Today, more than 1/2 the world's population lives in urban areas. That is expected to rise to 75% by mid-century. With the ICANN having approved a new TLD process, more than 20 cities have already expressed an interest in acquiring Top Level Domains. Thirteen of those are Global Cities. Global cities are the engines of growth for their countries, the gateways to the resources of their regions, and important nodes on the global economic system. More than 25% of these Global Cities have expressed an interest in a TLD. (See sidebar.)

But those cities are ill prepared to effectively develop their TLDs. How could they be, the process itself is unclear. For example,

  • Page 2-18 of the Application Guidebook says a city must consult its nation-state as to the level of government and administrative agencies responsible for the filing letters of support or non-objection. Those processes have not been established here nor elsewhere to my knowledge.

  • The role of the IANA has not been finalized. The NTIA has proposed that a “proof of consensus” be filed with applications for city TLDs. While we support that requirement, the details have not been spelled out.

  • And most significantly by far, What are these TLD's to be used for? There has been no baseline study on how city-TLDs are to be used to facilitate the economic and civic growth of cities. I don't mean to diminish the work done by the small not-for-profit that I operate. But the immense impact of the Net on cities necessitates a careful review of a broad set of domains – by anthropologists, cognitive scientists, economists, engineers, political scientists, and more. The study should not be limited to today's technology but should explore those on the horizon, Handles as well a Domain names. We've advanced the benefits of such a study and have been speaking to a variety of entities, including ISOC, about funding such a baseline effort. If anyone here is interested, please contact me.

What are the consequence of being ill prepared?

Entities that traditionally sell domain names as their business are leading cities into the traditional “the-more-names-sold-the-better” business model. We suggest that a more appropriate model for cities might be the level of improvement in children's education, in residents efficiently provided health care, with the increased number of local communication channels, on how well the digital divide has been reduced, etc. These are the measurements that count for cities, not the number of domain names sold. (See Sidebar - Measuring Success.)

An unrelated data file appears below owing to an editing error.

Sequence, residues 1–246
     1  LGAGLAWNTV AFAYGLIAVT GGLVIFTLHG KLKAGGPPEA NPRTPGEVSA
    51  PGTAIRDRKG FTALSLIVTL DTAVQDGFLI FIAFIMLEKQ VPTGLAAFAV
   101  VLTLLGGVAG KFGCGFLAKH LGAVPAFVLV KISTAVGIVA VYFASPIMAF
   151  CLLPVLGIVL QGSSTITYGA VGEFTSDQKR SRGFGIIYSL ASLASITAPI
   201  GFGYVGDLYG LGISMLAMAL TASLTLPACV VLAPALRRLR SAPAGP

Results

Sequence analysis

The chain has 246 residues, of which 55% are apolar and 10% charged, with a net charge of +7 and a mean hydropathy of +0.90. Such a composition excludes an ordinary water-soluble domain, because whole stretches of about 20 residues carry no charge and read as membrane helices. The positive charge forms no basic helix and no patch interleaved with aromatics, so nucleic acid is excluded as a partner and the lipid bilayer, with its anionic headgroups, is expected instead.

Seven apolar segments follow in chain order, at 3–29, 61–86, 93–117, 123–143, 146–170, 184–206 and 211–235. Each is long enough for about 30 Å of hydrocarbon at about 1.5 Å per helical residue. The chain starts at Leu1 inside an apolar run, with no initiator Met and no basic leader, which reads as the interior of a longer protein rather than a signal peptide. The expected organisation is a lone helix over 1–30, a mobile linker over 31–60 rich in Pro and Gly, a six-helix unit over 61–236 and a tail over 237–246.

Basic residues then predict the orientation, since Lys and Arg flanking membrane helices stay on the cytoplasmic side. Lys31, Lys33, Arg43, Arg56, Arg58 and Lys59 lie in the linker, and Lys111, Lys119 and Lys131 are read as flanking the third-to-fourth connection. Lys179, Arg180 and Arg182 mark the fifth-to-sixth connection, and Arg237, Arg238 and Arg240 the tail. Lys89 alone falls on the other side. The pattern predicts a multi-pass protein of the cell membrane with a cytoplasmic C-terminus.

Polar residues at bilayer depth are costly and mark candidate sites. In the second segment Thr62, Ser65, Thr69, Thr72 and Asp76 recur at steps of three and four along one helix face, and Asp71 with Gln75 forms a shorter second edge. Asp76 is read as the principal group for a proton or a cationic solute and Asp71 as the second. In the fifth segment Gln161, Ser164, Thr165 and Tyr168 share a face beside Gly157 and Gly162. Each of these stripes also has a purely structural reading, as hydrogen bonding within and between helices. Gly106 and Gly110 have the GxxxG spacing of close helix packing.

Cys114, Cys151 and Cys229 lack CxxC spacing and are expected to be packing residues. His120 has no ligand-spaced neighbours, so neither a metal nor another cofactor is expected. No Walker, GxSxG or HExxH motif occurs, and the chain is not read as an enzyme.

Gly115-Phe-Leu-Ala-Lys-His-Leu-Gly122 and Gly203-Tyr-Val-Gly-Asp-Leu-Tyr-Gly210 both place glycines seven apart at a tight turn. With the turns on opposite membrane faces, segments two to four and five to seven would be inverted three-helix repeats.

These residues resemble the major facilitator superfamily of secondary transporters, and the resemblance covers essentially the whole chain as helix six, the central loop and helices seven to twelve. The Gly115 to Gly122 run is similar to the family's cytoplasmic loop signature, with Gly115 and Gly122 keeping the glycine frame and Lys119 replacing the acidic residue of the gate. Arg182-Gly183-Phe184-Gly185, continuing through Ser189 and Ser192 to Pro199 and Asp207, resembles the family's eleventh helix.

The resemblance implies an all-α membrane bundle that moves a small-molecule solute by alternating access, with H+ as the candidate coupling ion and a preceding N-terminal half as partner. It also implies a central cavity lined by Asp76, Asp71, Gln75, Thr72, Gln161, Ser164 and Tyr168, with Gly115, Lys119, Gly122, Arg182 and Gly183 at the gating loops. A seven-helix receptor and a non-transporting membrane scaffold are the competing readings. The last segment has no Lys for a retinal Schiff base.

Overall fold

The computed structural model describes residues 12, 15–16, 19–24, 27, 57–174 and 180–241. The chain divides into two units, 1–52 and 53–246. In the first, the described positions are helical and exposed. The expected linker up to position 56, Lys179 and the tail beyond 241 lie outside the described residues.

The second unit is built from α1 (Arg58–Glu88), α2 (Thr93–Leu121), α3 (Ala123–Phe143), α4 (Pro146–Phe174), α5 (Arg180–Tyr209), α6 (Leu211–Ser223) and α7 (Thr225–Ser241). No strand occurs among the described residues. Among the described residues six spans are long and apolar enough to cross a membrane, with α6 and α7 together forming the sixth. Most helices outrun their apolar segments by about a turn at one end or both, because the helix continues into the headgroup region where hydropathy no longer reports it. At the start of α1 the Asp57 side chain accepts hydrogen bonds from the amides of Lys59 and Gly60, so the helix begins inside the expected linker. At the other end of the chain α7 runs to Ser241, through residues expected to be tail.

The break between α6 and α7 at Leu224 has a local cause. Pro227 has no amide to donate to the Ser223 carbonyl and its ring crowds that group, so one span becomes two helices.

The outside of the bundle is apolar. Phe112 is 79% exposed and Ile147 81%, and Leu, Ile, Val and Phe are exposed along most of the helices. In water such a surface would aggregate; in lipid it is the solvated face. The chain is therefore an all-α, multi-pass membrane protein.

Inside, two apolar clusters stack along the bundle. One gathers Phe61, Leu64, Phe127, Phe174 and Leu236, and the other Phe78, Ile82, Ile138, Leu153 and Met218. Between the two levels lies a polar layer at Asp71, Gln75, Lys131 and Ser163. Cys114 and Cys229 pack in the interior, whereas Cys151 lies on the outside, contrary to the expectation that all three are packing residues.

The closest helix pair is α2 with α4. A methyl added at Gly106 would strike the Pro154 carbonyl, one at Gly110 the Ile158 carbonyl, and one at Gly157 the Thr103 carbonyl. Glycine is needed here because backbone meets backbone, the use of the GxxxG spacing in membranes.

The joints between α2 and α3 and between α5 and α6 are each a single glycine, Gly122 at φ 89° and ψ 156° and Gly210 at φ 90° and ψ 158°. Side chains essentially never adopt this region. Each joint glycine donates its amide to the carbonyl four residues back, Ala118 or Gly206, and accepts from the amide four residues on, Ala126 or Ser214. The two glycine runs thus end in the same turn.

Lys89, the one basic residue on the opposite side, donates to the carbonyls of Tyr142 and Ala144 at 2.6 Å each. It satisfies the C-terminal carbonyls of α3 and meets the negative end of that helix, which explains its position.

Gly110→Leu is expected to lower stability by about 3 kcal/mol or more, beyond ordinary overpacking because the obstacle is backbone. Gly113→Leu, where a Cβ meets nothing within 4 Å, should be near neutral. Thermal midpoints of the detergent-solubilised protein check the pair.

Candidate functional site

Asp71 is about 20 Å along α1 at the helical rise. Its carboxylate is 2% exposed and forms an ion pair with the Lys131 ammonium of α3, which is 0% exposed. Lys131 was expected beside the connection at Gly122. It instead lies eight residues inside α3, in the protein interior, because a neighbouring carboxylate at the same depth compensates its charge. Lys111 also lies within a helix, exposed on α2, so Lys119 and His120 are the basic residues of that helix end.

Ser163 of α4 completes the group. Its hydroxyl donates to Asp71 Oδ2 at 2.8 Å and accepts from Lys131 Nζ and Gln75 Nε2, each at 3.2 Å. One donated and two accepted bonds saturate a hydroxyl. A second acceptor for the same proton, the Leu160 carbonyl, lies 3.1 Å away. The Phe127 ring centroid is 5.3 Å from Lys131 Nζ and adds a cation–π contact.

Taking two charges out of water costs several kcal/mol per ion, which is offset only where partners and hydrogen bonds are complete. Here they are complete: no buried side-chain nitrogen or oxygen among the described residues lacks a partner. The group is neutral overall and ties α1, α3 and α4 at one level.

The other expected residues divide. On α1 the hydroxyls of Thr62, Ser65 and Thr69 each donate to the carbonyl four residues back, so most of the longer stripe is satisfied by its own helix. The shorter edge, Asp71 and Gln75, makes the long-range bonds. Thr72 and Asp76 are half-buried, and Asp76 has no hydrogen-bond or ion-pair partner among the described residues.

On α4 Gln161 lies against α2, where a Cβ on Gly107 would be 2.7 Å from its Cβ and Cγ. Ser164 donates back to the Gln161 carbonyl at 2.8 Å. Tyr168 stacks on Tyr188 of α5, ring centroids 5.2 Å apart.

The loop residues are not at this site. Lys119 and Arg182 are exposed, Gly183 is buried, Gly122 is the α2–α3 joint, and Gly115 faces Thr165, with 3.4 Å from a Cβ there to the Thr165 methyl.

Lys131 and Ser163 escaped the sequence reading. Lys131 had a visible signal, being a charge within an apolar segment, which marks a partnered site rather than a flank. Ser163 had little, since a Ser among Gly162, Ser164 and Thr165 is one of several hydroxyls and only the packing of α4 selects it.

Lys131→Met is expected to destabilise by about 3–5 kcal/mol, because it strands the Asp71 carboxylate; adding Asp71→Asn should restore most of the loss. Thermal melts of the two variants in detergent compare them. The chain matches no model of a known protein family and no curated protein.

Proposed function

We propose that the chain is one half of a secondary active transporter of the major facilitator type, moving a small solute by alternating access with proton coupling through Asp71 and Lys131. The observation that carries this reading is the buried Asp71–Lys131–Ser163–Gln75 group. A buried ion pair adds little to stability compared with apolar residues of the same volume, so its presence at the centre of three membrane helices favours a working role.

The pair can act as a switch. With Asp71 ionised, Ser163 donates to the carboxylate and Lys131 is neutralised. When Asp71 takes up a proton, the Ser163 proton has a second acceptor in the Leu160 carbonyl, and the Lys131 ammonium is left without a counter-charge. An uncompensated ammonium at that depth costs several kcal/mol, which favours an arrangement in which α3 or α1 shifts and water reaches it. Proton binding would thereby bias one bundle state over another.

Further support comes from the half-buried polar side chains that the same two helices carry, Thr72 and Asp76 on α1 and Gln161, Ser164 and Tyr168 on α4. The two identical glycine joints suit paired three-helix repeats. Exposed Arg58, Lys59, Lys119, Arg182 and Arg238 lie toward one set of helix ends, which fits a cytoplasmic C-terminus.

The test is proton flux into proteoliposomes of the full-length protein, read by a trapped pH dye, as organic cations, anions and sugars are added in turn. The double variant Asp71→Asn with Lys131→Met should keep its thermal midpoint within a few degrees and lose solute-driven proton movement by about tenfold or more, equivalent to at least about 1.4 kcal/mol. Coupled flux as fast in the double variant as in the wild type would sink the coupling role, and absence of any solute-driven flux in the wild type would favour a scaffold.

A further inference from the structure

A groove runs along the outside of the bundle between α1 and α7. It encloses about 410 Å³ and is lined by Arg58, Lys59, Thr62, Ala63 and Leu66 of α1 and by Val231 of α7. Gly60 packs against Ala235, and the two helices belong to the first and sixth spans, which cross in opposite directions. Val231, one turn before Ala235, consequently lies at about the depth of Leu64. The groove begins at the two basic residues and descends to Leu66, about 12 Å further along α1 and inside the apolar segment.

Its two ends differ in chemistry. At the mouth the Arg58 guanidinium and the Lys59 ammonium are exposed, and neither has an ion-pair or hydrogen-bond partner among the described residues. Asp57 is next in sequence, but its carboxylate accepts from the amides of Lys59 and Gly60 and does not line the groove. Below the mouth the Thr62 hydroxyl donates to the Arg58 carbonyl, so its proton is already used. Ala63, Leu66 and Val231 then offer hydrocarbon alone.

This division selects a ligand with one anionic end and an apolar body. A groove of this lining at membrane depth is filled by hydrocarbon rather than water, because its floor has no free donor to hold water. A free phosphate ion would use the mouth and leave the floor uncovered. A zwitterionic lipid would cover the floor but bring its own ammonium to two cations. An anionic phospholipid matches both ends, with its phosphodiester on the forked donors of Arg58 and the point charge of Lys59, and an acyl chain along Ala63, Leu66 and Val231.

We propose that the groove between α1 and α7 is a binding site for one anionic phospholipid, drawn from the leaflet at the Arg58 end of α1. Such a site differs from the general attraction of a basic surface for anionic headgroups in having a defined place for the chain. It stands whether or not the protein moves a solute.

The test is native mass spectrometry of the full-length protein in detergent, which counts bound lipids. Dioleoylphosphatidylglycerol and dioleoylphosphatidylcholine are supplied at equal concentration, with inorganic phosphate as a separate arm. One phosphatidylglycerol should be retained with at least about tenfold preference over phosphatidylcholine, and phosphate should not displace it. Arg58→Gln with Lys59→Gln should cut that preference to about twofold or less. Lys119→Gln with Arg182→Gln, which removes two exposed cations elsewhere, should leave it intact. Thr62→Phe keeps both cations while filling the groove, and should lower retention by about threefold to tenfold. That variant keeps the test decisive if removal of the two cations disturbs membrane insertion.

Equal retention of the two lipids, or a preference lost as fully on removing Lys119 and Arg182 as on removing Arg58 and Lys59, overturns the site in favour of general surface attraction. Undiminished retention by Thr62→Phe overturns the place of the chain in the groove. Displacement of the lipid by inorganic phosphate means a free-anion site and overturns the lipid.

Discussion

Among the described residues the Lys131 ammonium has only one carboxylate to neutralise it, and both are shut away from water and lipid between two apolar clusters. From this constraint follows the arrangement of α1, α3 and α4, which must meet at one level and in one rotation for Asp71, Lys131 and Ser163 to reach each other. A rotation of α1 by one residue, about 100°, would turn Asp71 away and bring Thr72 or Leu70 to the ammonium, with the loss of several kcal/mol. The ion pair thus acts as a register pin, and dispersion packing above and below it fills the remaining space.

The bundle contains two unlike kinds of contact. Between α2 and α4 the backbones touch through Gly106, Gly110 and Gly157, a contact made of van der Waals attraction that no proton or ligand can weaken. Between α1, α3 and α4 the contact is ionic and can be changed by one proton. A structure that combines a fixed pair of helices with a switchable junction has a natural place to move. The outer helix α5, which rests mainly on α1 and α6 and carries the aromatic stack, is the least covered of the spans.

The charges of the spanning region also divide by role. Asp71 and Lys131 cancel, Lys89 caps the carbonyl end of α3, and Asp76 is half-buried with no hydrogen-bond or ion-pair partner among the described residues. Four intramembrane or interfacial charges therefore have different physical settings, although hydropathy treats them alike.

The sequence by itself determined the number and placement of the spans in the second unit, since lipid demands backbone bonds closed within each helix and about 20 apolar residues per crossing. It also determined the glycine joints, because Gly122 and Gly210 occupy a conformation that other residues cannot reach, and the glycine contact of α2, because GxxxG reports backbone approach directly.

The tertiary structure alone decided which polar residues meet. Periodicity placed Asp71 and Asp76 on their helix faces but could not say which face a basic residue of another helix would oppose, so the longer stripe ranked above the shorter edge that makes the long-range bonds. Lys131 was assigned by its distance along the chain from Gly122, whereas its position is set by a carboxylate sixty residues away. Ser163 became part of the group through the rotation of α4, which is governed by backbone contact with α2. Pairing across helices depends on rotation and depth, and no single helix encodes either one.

What's to be done?

    When I learned of this workshop's formation I requested of Norbert Bollow that I be allowed to serve on it. We'd made some progress in New York on devising a plan for local governance, a multi-stakeholder structure of sorts. And thinking the global situation was becoming settled, I requested a position of this panel. But with the IANA, IBSA, Code of Conduct, the EU and other interventions, I'm not nearly as confident as back then.

    But the ICANN process marches on.

    We must move toward the creation of a governance map for cities. To do so I suggest the following steps:

    1. Complete the Baseline Study.

    2. Amongst its recommendations should be the creation of an entity that facilitates the development of city-TLDs as public interest resources. An entity to create standards and share best practices. The Paris Understanding, a document put together in response to the ICANN's adopting a New TLD program in 2008, is a good starting point.

    3. Finally, after completing the baseline study and with cities having organizing themselves, cities must decide on a how best to align their needs with the Internet's governance processes – with ICANN and or elsewhere.

    Cities are where most of us live. They are a key part of the bottom-up governance process. Let's make sure they have an effective role in the Internet processes that affect their operation.